The approach taken during the design of the braking system for the BMW M3 is to act as an aftermarket company that specializes in performance brake designs and is improving the current design of BMW M3’s braking system. Considerations will be given to braking performance, safety, the parking brake sub-system, and the actuating mechanism.
Crambo specializes in aftermarket braking solutions for performance cars. Through technology, innovation, design, and engineering excellence, Crambo continues to push the envelope in brake systems. Crambo brake systems have one of the highest reliability and safety records in the industry.
The 2003 e46 BMW M3 is a 2 door, 4 passenger luxury sports car available in two trims – convertible or hard top. The “e46” refers to the model year of the vehicle. For example, this BMW (e46) is of production model year 2000 to present. The design of these brakes will focus on the hard top vehicle as this has the highest production numbers of the two trims.
The brake system of a car is one of the most critical components and as such it is important to take into account factors such as safety, reliability, quality, performance, and cost, to efficiently design a brake system. At Crambo, engineers ensure that these factors are mated together with perfection.
The problem Crambo will discuss in this report is to propose a design that is superior to the current brake system in the current production e46 BMW M3. The key objectives will be to determine the current brake specifications of the M3, discuss brake torque, temperature rise, energy dissipation and parking brake force. Also, an analysis of the various methods of improving the current M3 components will be required. A final design will then be proposed.
BMW enthusiasts often enjoy taking their cars to races and autocross events. These enthusiasts demand the highest performance from their cars in all aspects. In order satisfy and profit from this niche, Crambo has undertaken a design project to replace the stock BMW M3 brake system with a performance braking system that is both race worthy and street worthy. An improved braking system will reduce lap times, since the car can approach a corner faster before applying the brakes. The improved braking system will also improve stopping distance and braking response. This enhances safety and performance both on the track and on the street.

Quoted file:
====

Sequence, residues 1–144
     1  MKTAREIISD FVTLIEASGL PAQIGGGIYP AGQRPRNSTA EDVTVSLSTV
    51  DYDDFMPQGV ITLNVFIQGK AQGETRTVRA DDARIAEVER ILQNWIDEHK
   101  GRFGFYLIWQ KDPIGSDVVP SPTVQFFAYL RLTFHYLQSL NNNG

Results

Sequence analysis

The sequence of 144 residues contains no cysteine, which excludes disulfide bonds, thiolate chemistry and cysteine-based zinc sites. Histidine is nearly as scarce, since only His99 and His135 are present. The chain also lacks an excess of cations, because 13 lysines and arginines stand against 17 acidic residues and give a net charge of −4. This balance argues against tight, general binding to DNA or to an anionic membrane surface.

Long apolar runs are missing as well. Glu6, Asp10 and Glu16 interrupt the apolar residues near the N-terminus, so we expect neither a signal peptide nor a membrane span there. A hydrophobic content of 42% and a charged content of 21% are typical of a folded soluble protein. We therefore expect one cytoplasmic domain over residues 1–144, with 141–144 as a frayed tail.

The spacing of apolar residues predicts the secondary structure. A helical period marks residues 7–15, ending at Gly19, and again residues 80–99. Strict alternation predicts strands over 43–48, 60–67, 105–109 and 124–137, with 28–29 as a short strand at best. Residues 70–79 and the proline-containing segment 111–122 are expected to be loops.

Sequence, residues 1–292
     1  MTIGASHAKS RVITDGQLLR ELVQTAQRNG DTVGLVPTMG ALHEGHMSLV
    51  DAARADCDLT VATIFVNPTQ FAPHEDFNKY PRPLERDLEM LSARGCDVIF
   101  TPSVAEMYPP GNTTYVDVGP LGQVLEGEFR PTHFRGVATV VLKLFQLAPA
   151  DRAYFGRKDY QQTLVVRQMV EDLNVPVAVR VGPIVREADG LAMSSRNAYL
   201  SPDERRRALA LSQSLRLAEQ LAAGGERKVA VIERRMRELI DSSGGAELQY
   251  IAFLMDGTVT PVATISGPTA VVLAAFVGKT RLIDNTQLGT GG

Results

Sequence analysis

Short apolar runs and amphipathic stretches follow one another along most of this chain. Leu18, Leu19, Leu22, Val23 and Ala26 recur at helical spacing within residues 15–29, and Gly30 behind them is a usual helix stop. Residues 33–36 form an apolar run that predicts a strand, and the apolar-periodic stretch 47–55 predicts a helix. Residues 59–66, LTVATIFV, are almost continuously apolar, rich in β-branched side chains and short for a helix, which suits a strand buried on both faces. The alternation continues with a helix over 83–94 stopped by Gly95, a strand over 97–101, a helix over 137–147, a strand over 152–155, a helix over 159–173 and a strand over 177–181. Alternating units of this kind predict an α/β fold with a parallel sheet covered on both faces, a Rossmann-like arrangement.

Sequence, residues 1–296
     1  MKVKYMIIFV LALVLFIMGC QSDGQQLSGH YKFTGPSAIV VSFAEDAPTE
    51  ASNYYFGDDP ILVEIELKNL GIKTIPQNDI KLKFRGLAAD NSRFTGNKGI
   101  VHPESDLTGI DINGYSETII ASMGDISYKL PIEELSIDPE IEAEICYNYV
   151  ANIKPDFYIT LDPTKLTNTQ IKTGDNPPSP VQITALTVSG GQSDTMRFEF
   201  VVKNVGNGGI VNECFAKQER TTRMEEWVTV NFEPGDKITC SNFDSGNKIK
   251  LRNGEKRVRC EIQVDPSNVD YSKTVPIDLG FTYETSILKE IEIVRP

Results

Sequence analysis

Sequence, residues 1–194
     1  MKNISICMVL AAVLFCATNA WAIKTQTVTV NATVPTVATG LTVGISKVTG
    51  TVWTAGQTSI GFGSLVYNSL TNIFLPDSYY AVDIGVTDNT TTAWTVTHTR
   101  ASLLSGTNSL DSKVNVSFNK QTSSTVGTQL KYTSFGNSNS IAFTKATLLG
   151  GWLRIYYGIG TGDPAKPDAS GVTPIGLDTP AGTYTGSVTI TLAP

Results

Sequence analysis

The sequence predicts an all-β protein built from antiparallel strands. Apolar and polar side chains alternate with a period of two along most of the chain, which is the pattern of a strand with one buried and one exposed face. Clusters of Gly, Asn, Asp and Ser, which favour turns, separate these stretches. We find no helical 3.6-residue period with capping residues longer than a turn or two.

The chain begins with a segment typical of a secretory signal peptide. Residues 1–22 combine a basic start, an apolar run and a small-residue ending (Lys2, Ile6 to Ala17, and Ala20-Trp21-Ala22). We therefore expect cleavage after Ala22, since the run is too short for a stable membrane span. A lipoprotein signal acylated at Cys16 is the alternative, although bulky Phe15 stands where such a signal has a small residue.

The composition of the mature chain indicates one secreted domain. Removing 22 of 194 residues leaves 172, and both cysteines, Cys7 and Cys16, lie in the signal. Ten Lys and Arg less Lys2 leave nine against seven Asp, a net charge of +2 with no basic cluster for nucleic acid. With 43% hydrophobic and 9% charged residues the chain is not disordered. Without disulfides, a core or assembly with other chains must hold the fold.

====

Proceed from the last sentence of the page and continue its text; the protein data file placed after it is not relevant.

Phase 1 and Phase 2
Phase 1 will discuss and analyze the many options available to improve the e46 M3 brakes such as disc material, disc diameter and thickness, disc heat dissipations characteristics, brake lines, etc. Final selections will take place completing phase 1. Full calculations of braking force, stopping distance, and actuating force will be performed in phase 2 of the report to confirm the final selection of phase 1.
Constraints will set limits on the potential designs of the braking system. The designs can then be gauged using the constraint limit as a guideline or benchmark and the best design can be selected by Crambo engineers.
2.1 Brake Performance
The braking system designed by Crambo must perform better than the current production M3’s system. A typical test done to measure brake performance is stopping distance from 60 mph. The current system’s stopping distance has been tested to be 112 ft from 60 mph, Crambo’s design will be better .
2.2 Spatial Considerations
The dimensions of the braking system (calliper, discs, cylinders, etc) can only be large enough such that the stock wheels will fit over all the brake components with enough clearance. The stock wheel sizes can be found in table 2.
2.3 Government Regulations
The Federal Motor Vehicle Safety Standards (FMVSS) regarding braking systems and parking brake systems must be met.
2.3.1 Parking Brake